In the analysis, the researchers included seven randomized clinical trials that compared connective tissue graft and xenogeneic collagen matrices. A total of 218 implant sites (108 in the connective tissue graft group, 110 in the collagen matrix group) with three to 12 months follow-up period, were evaluated.
The results showed no statistically significant difference in terms of mucosal thickness increase and keratinized mucosa width gain. However, postsurgical discomfort, consumption of painkillers, and treatment times (15.46 minutes less) differed significantly in favor of the collagen matrix group.
The authors concluded: “Our results demonstrated that collagen matrix was as effective as connective tissue graft in increasing peri-implant mucosal thickness…and resulted in significantly less surgical chair-time, patient morbidity, and painkiller consumption.”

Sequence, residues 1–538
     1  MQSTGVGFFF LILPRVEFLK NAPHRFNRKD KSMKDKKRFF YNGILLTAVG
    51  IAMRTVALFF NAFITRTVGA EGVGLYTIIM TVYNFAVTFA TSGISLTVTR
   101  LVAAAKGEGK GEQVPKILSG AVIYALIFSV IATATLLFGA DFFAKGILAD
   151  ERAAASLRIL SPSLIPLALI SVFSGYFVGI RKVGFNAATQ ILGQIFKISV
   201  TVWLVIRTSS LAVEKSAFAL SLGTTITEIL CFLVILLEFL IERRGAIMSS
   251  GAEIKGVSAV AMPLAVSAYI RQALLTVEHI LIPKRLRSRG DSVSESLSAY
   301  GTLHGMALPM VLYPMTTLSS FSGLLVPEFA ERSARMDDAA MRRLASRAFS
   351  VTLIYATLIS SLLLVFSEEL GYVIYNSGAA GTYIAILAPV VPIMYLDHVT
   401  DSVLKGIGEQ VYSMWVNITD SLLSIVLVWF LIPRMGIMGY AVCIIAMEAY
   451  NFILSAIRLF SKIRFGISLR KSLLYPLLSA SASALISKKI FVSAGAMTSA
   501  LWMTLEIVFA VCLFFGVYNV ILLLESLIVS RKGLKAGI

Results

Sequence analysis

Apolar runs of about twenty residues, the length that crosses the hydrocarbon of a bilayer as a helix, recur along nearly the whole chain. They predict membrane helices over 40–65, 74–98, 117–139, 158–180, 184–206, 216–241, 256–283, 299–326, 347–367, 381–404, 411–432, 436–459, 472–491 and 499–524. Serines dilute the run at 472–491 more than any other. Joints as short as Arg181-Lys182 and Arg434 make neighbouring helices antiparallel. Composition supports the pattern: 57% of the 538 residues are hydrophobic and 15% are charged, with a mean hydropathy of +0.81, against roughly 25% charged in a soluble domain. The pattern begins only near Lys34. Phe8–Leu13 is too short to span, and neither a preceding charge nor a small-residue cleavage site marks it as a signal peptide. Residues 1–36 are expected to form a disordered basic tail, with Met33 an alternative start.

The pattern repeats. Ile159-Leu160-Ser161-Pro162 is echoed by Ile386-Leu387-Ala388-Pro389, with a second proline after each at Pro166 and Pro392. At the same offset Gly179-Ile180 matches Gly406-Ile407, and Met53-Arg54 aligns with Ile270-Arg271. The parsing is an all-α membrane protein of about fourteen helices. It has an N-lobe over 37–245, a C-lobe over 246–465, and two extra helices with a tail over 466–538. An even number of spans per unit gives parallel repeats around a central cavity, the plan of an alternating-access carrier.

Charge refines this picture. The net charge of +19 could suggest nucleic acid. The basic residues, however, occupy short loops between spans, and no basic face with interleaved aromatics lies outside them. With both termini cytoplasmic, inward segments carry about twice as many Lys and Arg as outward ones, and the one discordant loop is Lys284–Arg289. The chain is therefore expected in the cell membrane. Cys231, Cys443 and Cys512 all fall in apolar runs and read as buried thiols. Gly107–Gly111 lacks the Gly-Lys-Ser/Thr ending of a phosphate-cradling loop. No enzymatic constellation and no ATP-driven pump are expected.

The key role of soft tissue augmentation
The consensus report from the Osteology Foundation ascertained that soft tissue grafting to increase the width of keratinized tissue around dental implants can provide greater plaque and gingival index reduction when compared to non-augmented sites.2 In addition, marginal bone levels show better stability following application of autogenous grafts.2 Also, soft tissue grafting to increase the mucosal thickness around implants in the aesthetic zone was associated with significantly less marginal bone loss over time.2 Several materials have been proposed to increase the peri-implant mucosal thickness, including connective tissue grafts,3 allogenic and xenogeneic grafts,4,5 and platelet-rich fibrin.6